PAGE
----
Forecast: Boston’s Sea Level Rise to Double in 15 Years - Sampan (2024)


How will Boston be affected by sea level rise? ›

More flooding, even on a sunny day in Boston during a King Tide. Expect to see walkways inundated with ocean water, and vulnerable property along the coast at risk moving forward as the city is home to 47 miles of coastline.

How long will it take for Boston to be underwater? ›

Several parts of Boston could be underwater by the year 2100 if climate change leads to a temperature increase of 4.9°, according to this frightening map produced by Climate Central. Coastal areas are most prone to ending up underwater if the sea levels, accelerated by climate change, continue to rise.

What will Boston look like in 2050? ›

A report found that if emissions are reduced, sea levels may increase by a foot in the 21st century. The Boston Harbor is likely to see about 3.4 feet by the end of the century. The report also found that Boston may experience flooding that lasts for at least an hour a day for half of the days of the year by 2050.

What will Cape Cod look like in 50 years? ›

According to glaciologists at Woods Hole Oceanographic Institute and the Massachusetts Climate Change Adaptation Report, the climate change impact on Cape Cod could find the Cape and Islands submerged in 50 years.

Which US state will be most affected by a rise in sea level? ›

According to projections by the National Oceanic and Atmospheric Administration, assuming the IPCC's worst-case scenario comes true, the Carolinas, Florida and Louisiana would likely be the worst affected states. North Carolina would lose at least three coastal counties, with others greatly reduced in size.

What US city is most likely to be affected by sea levels rising? ›

Large cities surrounded by water -- such as Boston, New Orleans and San Francisco -- will be among the regions that could experience flooding in the near future due to land elevation changes combined with sea level rise -- about 4 millimeters per year, said Ohenhen, who authored the paper.

What will Boston look like in 100 years? ›

Within 100 years, at unchecked pollution levels, it will be inevitable that all of the Fenway, the South End, and the Seaport District, as well as parts of Dorchester, South Boston, and downtown—save for a small island near the Common—will be submerged underwater.

Does the Blue Line in Boston go underwater? ›

Perhaps ironically, the Blue Line takes several points of pride from its proximity to water, which gives it its name. Local historians claim the tunnel that runs under the harbor as the first underwater subway tunnel in the United States.

Has it ever been 100 degrees in Boston? ›

The last time temperatures in Boston crossed the 100 degree mark was June 30, 2021, and the previous July 24 record was 98 degrees set in 1933.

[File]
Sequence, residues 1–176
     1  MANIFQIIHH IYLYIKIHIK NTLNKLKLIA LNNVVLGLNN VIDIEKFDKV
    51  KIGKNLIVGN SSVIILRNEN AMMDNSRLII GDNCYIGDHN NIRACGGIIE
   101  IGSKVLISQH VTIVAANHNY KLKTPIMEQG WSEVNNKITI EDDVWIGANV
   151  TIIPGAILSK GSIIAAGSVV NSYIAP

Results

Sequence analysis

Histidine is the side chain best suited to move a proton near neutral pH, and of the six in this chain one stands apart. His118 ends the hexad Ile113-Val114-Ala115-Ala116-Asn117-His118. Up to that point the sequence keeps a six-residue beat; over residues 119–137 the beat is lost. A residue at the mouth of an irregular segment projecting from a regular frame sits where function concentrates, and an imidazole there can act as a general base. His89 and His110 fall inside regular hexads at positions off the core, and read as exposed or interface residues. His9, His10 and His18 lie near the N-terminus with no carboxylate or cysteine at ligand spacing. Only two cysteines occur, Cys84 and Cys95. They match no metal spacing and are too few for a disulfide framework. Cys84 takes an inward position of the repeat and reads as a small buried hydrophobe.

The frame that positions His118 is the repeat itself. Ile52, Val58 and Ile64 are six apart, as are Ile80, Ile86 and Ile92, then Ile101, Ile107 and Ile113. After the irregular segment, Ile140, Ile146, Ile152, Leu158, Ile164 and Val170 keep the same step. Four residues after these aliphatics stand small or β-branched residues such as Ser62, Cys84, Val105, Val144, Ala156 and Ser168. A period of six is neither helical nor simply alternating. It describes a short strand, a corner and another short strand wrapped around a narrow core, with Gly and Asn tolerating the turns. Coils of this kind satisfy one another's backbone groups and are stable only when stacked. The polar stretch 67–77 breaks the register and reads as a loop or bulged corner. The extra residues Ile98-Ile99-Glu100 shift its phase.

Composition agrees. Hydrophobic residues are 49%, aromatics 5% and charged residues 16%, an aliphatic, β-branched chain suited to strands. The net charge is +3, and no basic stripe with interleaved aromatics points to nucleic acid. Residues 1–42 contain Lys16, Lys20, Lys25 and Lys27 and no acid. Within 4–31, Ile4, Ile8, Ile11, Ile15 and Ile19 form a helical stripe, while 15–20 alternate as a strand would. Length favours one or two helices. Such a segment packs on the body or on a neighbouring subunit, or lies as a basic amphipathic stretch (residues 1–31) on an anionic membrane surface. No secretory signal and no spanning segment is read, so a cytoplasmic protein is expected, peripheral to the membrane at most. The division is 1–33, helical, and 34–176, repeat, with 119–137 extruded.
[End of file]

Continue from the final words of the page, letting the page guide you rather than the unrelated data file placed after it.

How much older is Boston than New York? ›

Boston, established in 1630 by the Massachusetts Bay Colony, is indeed older than New York, which was officially recognized as a city in 1653. Boston's establishment was driven by the quest for religious freedom by the Puritans.

Are people moving out of Boston? ›

25% plan to leave Boston area

According to the Greater Boston Chamber of Commerce Foundation, 25% of people ages 20 to 30 years old intend to move somewhere else over the next five years. The survey shows high rent costs, the ability to buy a home and career prospects all play a role.

Is Massachusetts a good place to live for climate change? ›

Massachusetts was ranked 3rd on the list overall. Vermont was ranked as the top state to move to in order to avoid climate change. New Hampshire was second, while Rhode Island also made the list as #7. Of course, everyone should be concerned about climate change.

Where do the rich live in Cape Cod? ›

West Yarmouth, on the other hand, is home to the ultra-exclusive Great Island. This gated community sits on a peninsula, with miles of extremely private beaches and some pricey homes. There are only three-dozen homes and a few cottages on Great Island, oftentimes priced in the multi-million dollar range.

Will Cape Cod be underwater soon? ›

Although existing models predict that globally on average sea level would rise in the range of 0.09 to 0.88 m by 2100, a peninsular like Cape Cod might experience higher and more dramatic rise. Many areas, as shown in Figure 2, would be inun- dated and inhabitable in the future.

How long until Cape Cod is gone? ›

Erosion along the Nauset-Monomoy barrier system can move the beach anywhere from 1 to 6 meters a year (3 to 20 feet). Sea level rise — a least one foot in the past century — is also slowly taking away the beachfront. Between the two, the sea could reclaim Cape Cod in five or six thousand years.

Is Boston at risk for flooding? ›

Boston Flood Risk Ranking and Trends

This year 27% of properties in Boston have risk of flooding. In 30 years 30.6% of properties in Boston will have risk of flooding.

What will the sea level be in Boston 2100? ›

By 2100, under a worst-case scenario where emissions keep increasing, researchers estimate that sea levels around Boston could rise by 6.4 feet. Even with major climate policies in place, the region could see sea levels pushed up by more than 2 feet by the end of the century.

How far above sea level is Boston? ›

The city's official elevation, as measured at Logan International Airport, is 19 ft (5.8 m) above sea level. The highest point in Boston is Bellevue Hill at 330 ft (100 m) above sea level, and the lowest point is at sea level.